You can now control Hensel, Bron & Jinbei lights via WiFi

New Broncolor Scoro WiFi, Hensel Nova and Jinbei TR-Q6 add mobile app control to more photography lights.

Broncolor Scoro WiFi controlled from BronControl Desktop

Bron, the Swiss lighting manufacturer, has introduced a new version of its Scoro studio generator with added WiFi support.

The new Broncolor Scoro WiFi supports wireless control through the free bronControl software, available both as a smartphone app (for iOS and Android) and as a desktop application for Windows and Macintosh. Technical specifications are otherwise identical to the original Broncolor Scoro packs introduced five years ago.

What’s more, the Broncolor Siros (reviewed here), which already had built-in WiFi but were previously only supported the mobile app, can now also be controlled through the bronControl desktop programme.

For more information and to download the bronControl mobile or apps, visit the Broncolor web site.

Broncolor isn’t the only studio lighting maker to offer WiFi control of its lights.

German manufacturer Hensel has announced that as of this month, all new Nova D and DL generators will ship with WiFi receivers built-in, at no additional cost. Older packs can be upgraded by the manufacturer upon request. The Hensel Expert D monolights have had WiFi support since September last year.

The Hensel Remote app for iOS and for Android allows remote control of settings of up to 12 lights in user-defined groups, over ranges up to 50 metres. Flash triggering is still done via the Strobe Wizard Plus triggering system or via your own triggers plugged into the flash’s sync socket.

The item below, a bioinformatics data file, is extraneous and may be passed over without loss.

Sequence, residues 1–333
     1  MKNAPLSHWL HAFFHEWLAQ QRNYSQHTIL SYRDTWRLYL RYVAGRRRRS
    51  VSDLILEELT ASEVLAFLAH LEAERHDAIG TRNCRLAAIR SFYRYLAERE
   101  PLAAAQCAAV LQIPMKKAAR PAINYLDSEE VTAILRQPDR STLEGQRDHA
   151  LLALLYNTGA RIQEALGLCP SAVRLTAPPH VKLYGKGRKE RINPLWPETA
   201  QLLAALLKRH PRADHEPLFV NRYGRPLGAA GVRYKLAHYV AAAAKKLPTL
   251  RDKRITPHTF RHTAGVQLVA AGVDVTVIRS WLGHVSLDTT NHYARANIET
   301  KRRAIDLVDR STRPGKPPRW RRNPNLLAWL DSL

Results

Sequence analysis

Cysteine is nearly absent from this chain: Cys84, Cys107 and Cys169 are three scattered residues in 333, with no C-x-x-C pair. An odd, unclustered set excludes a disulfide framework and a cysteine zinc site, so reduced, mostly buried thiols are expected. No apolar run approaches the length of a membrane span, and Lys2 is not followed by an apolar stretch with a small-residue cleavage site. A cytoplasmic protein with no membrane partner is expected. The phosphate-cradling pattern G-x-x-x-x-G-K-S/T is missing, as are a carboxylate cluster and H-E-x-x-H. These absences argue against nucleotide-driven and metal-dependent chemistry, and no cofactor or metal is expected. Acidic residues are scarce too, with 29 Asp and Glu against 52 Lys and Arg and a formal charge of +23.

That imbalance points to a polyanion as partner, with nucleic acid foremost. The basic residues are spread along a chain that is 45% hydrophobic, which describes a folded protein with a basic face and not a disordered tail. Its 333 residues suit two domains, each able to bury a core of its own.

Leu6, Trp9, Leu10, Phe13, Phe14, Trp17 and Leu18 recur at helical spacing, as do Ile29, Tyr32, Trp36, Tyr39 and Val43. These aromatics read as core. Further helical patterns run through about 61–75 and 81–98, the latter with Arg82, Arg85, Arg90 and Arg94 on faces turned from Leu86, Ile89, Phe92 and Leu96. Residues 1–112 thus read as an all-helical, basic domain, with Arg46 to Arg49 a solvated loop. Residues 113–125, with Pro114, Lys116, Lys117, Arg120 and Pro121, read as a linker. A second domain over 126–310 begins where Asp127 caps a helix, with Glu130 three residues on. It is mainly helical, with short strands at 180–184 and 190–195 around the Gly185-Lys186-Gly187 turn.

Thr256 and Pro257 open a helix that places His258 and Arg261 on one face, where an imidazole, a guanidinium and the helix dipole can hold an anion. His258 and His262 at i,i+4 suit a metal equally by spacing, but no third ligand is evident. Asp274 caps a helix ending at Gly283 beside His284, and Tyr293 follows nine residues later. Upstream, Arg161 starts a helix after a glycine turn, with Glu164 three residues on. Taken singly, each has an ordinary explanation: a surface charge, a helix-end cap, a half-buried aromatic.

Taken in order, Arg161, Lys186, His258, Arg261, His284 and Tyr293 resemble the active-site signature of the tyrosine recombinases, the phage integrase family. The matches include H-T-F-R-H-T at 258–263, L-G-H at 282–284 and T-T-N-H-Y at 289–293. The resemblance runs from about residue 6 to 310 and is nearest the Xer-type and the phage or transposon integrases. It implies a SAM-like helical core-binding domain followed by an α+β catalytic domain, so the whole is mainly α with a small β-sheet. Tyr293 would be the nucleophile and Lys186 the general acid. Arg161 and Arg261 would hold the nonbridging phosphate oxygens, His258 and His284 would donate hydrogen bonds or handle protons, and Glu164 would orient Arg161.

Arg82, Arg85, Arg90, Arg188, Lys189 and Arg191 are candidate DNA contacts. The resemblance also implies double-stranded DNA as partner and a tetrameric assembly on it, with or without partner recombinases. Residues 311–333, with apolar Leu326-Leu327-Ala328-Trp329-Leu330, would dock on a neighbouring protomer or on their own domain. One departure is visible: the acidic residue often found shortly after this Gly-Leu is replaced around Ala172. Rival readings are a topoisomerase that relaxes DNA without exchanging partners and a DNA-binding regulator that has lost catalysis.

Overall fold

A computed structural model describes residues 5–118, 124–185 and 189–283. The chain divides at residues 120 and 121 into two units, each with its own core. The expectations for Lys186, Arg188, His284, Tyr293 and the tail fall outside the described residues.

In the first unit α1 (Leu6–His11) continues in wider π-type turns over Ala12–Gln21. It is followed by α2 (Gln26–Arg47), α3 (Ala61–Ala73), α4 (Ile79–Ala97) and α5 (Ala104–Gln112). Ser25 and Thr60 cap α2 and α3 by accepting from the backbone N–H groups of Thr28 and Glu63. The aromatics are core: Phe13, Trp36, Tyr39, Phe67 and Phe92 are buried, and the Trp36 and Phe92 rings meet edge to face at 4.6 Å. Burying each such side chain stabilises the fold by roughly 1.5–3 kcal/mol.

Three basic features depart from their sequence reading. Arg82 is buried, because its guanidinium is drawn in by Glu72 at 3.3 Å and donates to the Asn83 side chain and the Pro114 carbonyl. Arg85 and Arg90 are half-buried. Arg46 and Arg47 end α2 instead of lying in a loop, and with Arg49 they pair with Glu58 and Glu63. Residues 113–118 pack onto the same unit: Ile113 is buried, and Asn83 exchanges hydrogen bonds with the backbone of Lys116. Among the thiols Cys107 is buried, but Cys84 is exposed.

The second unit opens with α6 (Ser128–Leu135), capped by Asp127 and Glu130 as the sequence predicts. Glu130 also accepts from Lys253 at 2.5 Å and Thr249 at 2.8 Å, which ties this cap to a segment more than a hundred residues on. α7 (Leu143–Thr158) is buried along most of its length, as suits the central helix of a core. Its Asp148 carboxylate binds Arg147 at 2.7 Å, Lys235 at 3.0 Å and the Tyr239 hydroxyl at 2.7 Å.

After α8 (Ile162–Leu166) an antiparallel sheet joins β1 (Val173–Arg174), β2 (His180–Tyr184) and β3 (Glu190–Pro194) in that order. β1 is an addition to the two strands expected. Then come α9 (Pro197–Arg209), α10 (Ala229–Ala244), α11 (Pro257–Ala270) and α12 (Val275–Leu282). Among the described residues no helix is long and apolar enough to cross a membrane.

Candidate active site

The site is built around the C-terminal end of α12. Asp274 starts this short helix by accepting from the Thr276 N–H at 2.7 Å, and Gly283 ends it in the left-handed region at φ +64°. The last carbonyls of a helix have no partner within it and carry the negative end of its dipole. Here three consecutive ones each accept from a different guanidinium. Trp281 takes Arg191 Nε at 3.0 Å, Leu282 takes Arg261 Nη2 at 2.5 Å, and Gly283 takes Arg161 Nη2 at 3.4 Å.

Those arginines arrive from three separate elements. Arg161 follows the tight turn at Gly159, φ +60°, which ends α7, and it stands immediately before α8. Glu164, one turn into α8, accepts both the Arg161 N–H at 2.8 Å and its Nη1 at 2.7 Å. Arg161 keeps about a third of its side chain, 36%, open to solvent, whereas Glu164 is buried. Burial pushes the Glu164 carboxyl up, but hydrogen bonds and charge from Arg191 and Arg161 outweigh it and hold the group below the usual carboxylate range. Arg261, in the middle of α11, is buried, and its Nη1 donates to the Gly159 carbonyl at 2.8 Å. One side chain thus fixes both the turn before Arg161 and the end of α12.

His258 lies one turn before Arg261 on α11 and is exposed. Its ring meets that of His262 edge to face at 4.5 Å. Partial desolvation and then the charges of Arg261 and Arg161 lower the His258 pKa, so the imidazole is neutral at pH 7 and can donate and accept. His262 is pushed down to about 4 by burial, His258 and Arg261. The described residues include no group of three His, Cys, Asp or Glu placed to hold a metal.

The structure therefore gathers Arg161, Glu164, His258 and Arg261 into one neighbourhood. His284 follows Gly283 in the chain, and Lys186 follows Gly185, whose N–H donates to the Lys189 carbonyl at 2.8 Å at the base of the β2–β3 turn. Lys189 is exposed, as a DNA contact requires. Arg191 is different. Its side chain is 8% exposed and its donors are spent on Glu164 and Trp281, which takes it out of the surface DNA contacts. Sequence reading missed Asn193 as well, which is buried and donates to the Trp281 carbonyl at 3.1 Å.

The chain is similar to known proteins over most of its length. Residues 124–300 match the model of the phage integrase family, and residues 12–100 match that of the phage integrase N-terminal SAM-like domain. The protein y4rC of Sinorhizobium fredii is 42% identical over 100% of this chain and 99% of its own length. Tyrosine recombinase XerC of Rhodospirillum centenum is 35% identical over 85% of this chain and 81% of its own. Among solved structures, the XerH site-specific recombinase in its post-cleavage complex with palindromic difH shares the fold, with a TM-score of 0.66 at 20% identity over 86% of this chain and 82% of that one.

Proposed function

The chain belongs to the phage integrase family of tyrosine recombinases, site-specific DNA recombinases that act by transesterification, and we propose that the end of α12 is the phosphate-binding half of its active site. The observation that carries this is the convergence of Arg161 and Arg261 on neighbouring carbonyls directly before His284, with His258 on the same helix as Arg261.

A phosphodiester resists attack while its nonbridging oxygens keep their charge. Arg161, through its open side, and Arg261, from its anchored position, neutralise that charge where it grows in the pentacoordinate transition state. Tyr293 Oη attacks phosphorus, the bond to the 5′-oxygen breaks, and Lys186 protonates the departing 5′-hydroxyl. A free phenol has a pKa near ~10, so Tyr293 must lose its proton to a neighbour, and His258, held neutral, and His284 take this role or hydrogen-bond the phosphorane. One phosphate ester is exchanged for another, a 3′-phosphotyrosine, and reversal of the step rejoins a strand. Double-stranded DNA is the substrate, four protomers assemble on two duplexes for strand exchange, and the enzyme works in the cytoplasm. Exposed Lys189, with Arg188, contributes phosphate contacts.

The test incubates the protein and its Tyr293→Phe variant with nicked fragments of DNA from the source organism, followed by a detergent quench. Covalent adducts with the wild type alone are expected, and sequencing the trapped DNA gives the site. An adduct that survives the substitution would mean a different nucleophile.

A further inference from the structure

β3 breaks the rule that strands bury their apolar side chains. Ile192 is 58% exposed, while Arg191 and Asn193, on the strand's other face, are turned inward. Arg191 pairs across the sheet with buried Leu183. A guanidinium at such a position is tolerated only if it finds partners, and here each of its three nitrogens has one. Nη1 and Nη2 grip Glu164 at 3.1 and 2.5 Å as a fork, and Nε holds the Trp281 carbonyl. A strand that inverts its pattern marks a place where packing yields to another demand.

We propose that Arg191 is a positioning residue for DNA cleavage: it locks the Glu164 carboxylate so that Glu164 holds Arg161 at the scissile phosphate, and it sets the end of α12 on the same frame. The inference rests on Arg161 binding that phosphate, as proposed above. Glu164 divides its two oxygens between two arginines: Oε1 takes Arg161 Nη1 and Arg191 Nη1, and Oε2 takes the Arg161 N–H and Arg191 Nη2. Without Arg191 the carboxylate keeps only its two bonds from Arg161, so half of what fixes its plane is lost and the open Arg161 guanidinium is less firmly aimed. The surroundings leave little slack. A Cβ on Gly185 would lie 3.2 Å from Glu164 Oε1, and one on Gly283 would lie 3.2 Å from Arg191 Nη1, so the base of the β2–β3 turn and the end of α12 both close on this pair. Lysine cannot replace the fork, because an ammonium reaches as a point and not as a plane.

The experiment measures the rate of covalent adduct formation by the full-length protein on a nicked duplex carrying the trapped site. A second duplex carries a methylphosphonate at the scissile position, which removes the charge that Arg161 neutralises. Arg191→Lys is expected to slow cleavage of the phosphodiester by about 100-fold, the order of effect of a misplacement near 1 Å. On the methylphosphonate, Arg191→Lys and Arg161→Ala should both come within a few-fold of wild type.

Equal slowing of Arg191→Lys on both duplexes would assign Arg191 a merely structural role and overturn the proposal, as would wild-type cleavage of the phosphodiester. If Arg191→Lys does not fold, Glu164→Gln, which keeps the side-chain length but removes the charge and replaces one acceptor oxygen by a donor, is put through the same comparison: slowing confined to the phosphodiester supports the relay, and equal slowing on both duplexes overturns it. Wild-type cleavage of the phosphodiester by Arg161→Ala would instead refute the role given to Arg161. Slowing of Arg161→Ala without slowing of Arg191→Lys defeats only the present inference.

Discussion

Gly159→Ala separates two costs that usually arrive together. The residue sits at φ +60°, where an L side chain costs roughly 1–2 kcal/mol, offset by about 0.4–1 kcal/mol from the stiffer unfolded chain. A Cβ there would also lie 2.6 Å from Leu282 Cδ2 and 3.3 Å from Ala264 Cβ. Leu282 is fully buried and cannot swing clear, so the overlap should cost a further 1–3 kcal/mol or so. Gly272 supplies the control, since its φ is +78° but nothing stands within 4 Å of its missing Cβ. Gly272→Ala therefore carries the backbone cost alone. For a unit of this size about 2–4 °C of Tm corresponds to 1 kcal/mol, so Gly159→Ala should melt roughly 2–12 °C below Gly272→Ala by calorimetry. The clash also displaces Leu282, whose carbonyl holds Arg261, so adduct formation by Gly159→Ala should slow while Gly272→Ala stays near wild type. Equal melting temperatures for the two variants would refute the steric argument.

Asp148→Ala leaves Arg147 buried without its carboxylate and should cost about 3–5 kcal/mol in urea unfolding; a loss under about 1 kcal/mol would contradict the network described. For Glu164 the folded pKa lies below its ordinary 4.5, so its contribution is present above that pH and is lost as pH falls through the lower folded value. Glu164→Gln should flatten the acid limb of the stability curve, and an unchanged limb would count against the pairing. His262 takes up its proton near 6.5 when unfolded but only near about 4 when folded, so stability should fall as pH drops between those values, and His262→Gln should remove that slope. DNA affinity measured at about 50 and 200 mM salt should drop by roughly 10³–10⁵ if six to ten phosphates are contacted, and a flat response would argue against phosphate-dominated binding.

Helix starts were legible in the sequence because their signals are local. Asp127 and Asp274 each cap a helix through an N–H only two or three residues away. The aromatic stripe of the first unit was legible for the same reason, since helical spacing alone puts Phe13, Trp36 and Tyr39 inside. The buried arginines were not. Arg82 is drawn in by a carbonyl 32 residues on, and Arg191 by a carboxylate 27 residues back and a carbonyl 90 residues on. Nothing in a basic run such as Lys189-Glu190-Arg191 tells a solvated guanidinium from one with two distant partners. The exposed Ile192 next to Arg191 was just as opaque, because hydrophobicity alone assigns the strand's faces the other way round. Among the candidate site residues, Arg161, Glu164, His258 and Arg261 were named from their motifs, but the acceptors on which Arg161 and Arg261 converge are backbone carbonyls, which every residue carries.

Visit the Hensel web site for further details.

Chinese manufacturer Jinbei has also introduced app support. The new Jinbei TR-Q6 2.4 GHz radio trigger can connect to your smartphone via Bluetooth and supports flash control via the official Jinbei app. It can control the latest HD-610, HD-601 and Mars-3 flash systems.

Other companies that already offered WiFi control include Elinchrom, via the EL-Skyport WiFi module and Korean manufacturer Rime Lite, whose high-end XB Prime lights allow iPhone or iPad remote control. Profoto offers a $500 USB dongle to enable Mac or PC control over its Profoto Air system. There are probably a few more I have missed.

Godox recently added iOS triggering and remote control support to its whole range of flashes and LED lamps, by way of the new Godox A1. It is currently the only manufacturer that also allows use of studio flashes with a smartphone’s built-in camera.

Is app or desktop remote control important to you? Would you buy a lighting system without it? Share your thoughts in the comments below.

David Selby
David is a keen photographer and has been editor of Lighting Rumours since 2010. When not writing about lighting, he works as a data scientist at the University of Manchester, UK.